Charles De Koninck
Charles De Koninck (1906–1965) is one of the great philosophers of the last century. He taught and influenced many of the most consequential Catholic thinkers, teachers, and authors of our time. Yet his untimely death and a remarkable variety of largely untranslated writings across multiple disciplines have helped obscure his legacy and contributions. In the years since his death, De Koninck’s writings have unfortunately faded from view even as their relevance to contemporary intellectual life has intensified.
Why Is De Koninck’s Thought Significant?
“More than ever before, we have need today of the sapiential outlook, a point of view from which we can judge the gains and retrogressions of contemporary thought. That point of view is to be found in the writings of De Koninck. . . . We would do well to seek them out.”
— Ralph McInerny (1929–2010), Professor of Philosophy at The University of Notre Dame & student of De Koninck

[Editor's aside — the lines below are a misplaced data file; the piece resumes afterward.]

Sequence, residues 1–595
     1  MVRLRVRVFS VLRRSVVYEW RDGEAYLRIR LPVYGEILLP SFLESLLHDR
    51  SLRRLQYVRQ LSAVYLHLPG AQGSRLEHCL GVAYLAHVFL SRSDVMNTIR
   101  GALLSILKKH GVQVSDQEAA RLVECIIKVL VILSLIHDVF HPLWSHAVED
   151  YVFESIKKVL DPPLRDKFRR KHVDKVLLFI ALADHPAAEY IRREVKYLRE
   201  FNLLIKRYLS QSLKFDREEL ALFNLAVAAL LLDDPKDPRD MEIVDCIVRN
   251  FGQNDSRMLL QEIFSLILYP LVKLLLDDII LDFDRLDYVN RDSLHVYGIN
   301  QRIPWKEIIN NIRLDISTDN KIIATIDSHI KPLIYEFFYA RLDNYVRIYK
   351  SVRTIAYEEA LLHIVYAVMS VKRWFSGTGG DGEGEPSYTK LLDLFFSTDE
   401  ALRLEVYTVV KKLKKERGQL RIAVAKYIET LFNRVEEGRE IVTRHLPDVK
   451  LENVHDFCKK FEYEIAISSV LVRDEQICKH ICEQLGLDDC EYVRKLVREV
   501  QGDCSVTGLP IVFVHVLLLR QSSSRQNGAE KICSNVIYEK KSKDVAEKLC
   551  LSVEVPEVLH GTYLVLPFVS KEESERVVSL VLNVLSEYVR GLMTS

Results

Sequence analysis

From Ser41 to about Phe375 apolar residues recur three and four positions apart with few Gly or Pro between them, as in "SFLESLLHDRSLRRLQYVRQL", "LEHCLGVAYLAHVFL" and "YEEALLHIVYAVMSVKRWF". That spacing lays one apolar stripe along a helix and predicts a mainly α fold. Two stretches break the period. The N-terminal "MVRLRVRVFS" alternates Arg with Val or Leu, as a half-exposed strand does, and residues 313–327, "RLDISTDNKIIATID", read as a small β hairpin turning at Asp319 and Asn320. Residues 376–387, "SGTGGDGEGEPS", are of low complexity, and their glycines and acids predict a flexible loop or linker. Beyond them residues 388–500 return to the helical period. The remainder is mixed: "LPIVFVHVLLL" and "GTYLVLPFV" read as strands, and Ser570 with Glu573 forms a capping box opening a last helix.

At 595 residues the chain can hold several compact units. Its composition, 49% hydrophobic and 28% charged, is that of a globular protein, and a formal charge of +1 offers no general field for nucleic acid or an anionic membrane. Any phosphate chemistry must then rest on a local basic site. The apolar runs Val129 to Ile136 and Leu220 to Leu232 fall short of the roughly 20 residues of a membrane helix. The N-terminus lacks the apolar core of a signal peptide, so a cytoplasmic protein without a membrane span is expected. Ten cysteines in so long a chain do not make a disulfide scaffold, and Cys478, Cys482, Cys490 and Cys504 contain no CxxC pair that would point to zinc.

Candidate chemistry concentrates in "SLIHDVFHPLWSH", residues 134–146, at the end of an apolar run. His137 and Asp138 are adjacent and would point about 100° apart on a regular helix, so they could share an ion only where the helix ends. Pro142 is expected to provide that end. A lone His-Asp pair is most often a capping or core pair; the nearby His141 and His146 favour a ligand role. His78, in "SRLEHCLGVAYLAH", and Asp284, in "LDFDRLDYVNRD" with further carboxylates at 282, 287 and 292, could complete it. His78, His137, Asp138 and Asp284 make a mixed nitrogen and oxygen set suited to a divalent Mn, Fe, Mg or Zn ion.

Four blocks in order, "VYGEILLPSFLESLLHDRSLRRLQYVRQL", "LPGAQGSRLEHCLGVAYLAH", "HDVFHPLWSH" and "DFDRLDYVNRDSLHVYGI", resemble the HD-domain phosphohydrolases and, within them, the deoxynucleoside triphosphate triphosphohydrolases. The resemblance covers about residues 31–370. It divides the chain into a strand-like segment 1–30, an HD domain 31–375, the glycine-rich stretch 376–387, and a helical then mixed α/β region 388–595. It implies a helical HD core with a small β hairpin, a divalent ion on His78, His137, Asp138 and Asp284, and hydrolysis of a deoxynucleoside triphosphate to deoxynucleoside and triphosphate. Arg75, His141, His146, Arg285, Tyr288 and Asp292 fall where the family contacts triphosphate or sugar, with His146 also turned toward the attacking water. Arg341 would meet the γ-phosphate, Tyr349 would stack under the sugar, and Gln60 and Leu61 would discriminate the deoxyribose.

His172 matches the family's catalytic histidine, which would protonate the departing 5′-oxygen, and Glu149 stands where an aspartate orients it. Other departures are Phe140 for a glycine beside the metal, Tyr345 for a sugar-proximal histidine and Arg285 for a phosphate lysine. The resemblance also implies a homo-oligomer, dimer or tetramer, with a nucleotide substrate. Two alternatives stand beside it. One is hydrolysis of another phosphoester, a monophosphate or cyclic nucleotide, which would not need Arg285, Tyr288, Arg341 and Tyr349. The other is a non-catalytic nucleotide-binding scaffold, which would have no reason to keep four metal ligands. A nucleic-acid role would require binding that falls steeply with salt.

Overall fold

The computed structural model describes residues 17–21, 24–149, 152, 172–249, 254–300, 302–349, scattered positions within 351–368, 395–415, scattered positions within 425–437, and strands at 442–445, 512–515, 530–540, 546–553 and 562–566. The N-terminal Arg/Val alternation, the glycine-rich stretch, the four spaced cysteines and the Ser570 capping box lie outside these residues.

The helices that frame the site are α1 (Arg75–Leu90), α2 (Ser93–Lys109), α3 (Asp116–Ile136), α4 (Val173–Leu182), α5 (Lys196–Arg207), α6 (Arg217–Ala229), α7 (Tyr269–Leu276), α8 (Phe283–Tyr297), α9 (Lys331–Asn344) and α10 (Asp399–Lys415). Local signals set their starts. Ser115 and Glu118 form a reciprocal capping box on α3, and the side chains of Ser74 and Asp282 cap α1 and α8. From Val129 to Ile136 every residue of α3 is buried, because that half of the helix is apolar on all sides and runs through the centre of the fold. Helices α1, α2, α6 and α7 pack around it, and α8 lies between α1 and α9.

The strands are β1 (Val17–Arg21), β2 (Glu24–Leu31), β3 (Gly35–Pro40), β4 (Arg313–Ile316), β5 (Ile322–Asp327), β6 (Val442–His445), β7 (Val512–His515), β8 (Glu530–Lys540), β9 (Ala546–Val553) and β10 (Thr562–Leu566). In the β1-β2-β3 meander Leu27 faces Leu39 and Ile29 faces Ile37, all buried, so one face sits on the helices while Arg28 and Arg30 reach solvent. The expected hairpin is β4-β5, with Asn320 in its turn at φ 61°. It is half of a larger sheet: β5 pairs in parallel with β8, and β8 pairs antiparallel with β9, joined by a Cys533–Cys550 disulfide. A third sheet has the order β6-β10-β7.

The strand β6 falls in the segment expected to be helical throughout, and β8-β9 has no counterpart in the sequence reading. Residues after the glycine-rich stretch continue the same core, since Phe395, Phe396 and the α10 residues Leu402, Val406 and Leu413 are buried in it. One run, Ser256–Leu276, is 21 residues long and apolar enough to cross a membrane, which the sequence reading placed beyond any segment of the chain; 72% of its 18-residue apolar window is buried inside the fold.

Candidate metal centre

“Charles De Koninck, perhaps because of his untimely death, is not as well known to English-speaking readers as Étienne Gilson and Jacques Maritain, but his work belongs to that same world-class scholarship as his notable contemporaries. It is almost an understatement to say that his contribution to the philosophy of science remains timely.”
— Jude Dougherty, editor of The Review of Metaphysics and Dean Emeritus of the School of Philosophy at the Catholic University of America
“Founder of the Laval school of Thomism, a school known for highlighting the importance of Aristotle for the thought of Thomas Aquinas, Charles De Koninck (1906–1965) is perhaps the least known scholar of the great twentieth-century revival of Thomism. His only notoriety came with his decisive intervention in the mid-century debates among Thomists over the nature of the common good, but much more of his writing is devoted to what used to be called the philosophy of nature. While many Thomists addressed questions about modern science only in passing, De Koninck devoted much of his career to a rearticulation of Aristotelian and Thomistic thought in relation to modern science.”
— Thomas Hibbs, Dean of the Honors College and Distinguished Professor of Philosophy at Baylor University